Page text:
It's a remarkable old world, chaps and chapesses. Really.
Many of you will be all too familiar with my involvement in Harper Collins Publishers' authonomy, the peer-review writers' site that involves thousands of writers clambering up a greasy pole to get their work in front of an HC editor for review. Every month the top 5 books, voted by the 'community' get reviewed by an HC editor (or janitor, we can't quite be sure which sometimes). To date not one top 5 book has moved beyond a read and crit, apart from a suspected 'token full read' given to my mate Simon Forward. The crits have been of variable quality, that afforded my own first book, Space, a good example IMHO of the WTF quality of some of the crits that HC hands out.
(If you would like to read some quality stuff, try my second book Olives, BTW. I ain't 'plugging' that one, though - it's a serious book about the Middle East, while Space was a comedy about chickens and stuff.)
But that hasn't stopped thousands of new writers from posting their work up there and trying to climb that self-same slippery pole. It's hard, folks - you have to chivvy people to go and read your book by participating on the forums, plugging the book and generally shouting a lot. And then they have to like it enough to vote for it - vote enough times for it to beat out everyone else and rise to the top of the begrudging souffle that is the online slushpile. You need hundreds of votes.
But, rather brilliantly, uber-gamer Vineet Bhalla, 'Klazart' to his mates, posted a YouTube video urging fellow gamers to pop over to authonomy, log in and vote for his book. (It's here...)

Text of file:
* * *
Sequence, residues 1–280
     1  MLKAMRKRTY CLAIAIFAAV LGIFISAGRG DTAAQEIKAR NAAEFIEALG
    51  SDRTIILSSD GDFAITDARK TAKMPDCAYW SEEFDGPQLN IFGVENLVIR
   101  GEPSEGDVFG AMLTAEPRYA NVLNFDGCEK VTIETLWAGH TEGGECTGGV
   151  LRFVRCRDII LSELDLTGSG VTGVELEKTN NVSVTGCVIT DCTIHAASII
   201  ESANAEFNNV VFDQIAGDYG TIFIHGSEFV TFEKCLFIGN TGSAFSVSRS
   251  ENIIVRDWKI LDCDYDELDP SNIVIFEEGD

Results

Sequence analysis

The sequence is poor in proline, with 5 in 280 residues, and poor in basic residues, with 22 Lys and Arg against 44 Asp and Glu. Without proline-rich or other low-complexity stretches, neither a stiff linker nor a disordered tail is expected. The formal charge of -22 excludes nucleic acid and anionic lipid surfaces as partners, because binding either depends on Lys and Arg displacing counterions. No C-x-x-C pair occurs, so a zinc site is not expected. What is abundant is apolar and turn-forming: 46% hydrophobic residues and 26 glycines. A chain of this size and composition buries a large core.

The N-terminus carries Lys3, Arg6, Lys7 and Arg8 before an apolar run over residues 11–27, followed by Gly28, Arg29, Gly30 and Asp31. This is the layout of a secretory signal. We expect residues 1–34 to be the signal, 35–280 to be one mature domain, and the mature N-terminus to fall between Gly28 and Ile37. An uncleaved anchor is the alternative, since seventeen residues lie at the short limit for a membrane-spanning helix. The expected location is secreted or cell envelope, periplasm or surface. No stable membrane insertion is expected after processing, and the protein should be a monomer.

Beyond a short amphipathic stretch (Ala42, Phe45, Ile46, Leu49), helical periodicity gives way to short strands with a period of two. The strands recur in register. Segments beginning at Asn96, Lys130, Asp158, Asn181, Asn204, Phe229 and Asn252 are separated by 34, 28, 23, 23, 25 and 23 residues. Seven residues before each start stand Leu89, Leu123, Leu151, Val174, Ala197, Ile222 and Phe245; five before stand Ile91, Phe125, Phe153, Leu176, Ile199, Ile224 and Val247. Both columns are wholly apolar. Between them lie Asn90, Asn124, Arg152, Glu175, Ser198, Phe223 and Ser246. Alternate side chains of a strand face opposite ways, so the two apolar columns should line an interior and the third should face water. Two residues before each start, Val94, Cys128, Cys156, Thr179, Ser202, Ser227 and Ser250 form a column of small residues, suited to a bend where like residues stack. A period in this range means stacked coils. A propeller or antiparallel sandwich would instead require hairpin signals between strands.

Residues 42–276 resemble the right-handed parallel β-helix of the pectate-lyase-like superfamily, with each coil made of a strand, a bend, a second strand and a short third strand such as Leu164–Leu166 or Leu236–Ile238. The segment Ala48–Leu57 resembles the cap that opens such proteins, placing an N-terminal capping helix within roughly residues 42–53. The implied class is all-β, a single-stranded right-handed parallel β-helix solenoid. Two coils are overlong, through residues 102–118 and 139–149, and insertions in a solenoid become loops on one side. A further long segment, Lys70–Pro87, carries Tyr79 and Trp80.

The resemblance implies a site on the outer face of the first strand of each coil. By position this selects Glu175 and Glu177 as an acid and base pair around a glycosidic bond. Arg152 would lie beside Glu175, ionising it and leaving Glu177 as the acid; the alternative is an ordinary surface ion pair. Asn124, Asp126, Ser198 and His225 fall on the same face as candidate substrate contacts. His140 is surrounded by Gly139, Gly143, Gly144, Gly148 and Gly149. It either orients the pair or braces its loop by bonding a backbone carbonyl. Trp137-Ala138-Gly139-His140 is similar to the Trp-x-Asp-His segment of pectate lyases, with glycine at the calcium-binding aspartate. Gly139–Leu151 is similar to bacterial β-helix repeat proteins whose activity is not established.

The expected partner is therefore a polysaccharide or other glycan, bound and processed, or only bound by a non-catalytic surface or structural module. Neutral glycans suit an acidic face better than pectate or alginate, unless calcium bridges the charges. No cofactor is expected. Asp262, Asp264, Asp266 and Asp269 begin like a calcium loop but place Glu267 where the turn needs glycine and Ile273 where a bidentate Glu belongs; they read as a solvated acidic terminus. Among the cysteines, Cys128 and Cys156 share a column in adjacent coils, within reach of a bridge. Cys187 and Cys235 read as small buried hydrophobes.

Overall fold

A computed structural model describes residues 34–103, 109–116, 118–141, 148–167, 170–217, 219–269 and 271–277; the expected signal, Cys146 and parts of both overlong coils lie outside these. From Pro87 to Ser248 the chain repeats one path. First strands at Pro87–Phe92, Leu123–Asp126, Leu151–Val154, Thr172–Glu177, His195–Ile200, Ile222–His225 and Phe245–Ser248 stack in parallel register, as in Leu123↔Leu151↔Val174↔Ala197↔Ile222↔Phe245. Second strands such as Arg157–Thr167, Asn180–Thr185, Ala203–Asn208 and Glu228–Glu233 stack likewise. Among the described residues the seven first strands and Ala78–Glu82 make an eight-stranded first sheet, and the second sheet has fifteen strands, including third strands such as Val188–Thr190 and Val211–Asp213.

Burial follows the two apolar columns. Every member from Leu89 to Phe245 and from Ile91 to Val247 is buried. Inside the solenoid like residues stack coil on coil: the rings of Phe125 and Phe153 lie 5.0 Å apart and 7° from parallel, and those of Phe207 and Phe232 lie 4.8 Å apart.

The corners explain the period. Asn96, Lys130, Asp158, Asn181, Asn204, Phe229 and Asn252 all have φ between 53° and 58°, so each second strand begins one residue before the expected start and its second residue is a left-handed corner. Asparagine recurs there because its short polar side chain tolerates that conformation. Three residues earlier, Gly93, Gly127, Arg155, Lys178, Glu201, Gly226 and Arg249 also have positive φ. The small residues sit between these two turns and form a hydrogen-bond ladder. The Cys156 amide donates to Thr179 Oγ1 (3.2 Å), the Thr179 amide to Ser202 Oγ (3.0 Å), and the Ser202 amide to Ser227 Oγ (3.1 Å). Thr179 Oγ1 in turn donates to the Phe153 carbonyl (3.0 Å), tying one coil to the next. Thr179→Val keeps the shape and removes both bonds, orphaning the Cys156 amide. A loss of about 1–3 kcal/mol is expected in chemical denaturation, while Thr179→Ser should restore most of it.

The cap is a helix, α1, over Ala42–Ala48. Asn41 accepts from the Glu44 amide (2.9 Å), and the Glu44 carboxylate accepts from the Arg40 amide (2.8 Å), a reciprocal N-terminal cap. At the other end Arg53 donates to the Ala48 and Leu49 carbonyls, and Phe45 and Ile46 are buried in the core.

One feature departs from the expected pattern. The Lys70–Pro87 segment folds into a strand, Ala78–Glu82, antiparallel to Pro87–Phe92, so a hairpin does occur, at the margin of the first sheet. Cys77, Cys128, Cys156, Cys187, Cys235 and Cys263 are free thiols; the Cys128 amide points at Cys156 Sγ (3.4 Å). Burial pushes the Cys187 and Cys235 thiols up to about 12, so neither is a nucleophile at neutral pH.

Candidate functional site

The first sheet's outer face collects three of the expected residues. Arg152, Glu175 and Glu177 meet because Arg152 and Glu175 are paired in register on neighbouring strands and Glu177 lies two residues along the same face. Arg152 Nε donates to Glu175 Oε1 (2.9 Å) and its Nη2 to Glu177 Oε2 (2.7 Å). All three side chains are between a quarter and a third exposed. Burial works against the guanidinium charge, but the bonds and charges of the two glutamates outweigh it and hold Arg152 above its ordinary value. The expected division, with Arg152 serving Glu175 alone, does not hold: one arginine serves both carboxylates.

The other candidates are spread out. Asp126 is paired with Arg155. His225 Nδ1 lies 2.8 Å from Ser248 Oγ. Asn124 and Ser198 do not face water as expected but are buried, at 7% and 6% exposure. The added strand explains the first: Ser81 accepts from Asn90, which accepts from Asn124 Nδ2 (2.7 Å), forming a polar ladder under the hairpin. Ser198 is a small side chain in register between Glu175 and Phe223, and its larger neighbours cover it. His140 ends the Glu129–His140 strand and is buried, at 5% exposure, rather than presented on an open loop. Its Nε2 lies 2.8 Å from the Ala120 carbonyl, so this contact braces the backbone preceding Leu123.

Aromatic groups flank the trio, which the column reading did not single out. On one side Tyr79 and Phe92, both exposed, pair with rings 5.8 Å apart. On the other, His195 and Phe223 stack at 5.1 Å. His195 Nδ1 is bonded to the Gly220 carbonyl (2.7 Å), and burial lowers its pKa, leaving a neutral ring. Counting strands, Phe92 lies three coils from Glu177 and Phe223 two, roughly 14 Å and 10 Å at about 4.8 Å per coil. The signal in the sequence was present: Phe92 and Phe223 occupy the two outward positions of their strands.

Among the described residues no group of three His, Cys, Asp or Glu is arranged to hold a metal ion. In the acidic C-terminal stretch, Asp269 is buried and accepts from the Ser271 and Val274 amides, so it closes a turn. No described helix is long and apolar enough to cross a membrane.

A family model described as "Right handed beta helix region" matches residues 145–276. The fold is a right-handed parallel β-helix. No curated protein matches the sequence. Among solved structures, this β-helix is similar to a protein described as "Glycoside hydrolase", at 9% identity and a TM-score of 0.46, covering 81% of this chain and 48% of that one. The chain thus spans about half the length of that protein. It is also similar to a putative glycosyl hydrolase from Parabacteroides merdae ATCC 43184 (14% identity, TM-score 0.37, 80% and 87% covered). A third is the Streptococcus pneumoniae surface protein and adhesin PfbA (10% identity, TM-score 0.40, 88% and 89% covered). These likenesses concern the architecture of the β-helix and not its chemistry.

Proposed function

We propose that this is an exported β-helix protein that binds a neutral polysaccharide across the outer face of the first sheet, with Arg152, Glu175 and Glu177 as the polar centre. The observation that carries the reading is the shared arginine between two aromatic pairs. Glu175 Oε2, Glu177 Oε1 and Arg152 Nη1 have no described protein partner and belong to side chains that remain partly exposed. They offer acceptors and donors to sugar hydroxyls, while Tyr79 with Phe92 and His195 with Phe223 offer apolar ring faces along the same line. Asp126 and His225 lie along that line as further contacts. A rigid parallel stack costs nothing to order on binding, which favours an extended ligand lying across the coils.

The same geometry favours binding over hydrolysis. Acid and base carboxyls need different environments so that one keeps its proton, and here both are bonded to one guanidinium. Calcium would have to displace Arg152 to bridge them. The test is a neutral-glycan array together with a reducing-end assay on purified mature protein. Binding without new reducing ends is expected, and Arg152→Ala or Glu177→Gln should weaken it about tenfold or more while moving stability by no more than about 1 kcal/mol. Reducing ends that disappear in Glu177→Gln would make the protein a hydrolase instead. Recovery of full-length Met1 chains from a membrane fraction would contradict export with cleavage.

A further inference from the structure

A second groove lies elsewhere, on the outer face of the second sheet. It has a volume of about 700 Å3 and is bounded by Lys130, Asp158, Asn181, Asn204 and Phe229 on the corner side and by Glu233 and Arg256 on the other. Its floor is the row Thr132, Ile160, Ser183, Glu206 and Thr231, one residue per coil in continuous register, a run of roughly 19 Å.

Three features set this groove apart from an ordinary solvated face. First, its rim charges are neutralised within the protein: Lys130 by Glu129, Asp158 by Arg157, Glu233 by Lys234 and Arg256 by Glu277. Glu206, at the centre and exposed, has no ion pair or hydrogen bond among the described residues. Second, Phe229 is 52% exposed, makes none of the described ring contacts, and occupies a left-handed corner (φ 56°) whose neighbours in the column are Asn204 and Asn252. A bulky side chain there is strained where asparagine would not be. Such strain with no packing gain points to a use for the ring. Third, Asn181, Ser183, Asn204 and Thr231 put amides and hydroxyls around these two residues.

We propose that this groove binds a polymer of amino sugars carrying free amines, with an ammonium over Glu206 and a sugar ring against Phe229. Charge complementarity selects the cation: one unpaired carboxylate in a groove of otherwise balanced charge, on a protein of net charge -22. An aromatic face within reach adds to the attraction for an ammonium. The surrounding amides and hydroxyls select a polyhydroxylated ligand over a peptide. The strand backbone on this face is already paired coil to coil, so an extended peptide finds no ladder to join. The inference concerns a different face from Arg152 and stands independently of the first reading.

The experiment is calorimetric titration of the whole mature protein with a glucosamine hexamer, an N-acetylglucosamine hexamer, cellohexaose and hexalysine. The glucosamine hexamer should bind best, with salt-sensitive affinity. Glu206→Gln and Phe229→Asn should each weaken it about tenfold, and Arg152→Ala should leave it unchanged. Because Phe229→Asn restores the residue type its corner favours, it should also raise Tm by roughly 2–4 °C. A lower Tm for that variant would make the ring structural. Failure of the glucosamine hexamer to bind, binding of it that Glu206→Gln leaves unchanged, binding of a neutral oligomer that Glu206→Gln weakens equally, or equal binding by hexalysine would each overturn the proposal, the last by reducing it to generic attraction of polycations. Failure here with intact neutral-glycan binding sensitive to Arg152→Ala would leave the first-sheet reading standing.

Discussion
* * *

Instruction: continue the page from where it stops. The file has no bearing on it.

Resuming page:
In a marvellous demonstration of the sheer power of social media, hundreds of gaming fans (possibly thousands) have done just that - garnering Vineet's book over 700 votes in the past 48 hours and launching it up the authonomy charts by some 3,000 places to its current 17 - and rising.
The howls from the authonomy 'community' of writers, bilked by the brash 'gamers' who've suddenly appeared on the site, have been wonderous indeed - suddenly the place has come alive again and started to pop and splutter with action and life - from apopleptic authors ranting pompously about cheats and darn gamers to gamer punks telling them all to piss off as they scrawl on the walls and pour beer on the carpets. The gamers have a point - the authonomy 'rules' make it clear you're welcome to invite friends and family. HC can't have imagined that 'family' could include over 8,000 gaming fans who follow a popular gamer's YouTube space!
Authonomy's forums, which had settled down to a rather sedentary and boring repetition of every topic, from how you deal with POV (Point of View. If you don't know, don't bother. It's not critical to your life, believe me) to whether book titles that contain leopard testicles are saleable in today's market, have suddenly come alive and thrill to the sound of argument, contention and challenge - battle, even.
It's great. It's like an invasion of anarchists at an old people's home. Any half-decent anthropologist would get a thesis and at least two bacon sandwiches out of this lot.
But the influx of new voices has been too much for the site - authonomy has gone down, baby, a mere few thousand new readers has been enough to smack the servers for six and deny access to many, the site's up and down like a tart's knicks. (Well, it is Sunday and sysadmin Rik will be down the pub sinking a few nutty browns before dragging his weary arse into the laughter factory tomorrow morning.)
Meanwhile, I do heartily recommend nipping over and taking a look at the writers vs gamers debate - it takes me back to the late 1970s and, for me, that was a good time.
Oh what larks, Pip!